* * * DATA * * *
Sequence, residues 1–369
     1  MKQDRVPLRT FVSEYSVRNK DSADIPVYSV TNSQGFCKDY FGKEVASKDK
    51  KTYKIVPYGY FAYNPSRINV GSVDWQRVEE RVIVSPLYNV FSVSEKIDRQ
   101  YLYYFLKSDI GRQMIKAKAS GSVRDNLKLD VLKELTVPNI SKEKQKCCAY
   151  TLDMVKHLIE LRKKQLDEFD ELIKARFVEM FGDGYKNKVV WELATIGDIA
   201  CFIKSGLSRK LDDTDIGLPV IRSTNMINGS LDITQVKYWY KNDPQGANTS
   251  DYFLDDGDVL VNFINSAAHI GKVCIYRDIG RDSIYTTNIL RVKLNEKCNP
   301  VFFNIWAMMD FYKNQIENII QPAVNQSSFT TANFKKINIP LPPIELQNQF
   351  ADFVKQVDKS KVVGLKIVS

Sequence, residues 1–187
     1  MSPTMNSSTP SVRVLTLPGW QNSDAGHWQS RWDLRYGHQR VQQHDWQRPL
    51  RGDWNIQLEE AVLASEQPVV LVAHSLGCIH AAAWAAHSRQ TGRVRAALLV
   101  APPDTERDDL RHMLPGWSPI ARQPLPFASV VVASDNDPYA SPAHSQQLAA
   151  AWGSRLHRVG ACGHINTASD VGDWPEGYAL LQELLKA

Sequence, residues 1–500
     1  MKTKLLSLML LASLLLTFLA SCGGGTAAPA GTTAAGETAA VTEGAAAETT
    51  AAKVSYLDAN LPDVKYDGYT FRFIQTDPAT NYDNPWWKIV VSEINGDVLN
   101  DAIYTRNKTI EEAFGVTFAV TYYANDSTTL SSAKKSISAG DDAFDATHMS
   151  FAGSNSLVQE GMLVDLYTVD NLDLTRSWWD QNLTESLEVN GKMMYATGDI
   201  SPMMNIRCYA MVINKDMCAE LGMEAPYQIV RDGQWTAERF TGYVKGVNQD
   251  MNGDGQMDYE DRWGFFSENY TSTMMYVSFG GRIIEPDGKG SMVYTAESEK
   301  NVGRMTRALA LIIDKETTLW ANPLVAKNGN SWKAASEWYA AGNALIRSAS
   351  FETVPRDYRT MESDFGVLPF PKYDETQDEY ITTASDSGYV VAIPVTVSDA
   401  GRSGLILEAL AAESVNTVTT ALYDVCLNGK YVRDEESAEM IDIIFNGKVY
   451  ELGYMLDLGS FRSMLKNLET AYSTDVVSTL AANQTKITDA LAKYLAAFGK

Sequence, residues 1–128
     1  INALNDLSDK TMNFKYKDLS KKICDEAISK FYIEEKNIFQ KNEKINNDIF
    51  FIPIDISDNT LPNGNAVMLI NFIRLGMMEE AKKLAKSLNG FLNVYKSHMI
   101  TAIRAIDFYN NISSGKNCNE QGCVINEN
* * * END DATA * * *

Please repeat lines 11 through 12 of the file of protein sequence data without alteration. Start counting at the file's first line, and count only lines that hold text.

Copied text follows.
     1  MSPTMNSSTP SVRVLTLPGW QNSDAGHWQS RWDLRYGHQR VQQHDWQRPL
    51  RGDWNIQLEE AVLASEQPVV LVAHSLGCIH AAAWAAHSRQ TGRVRAALLV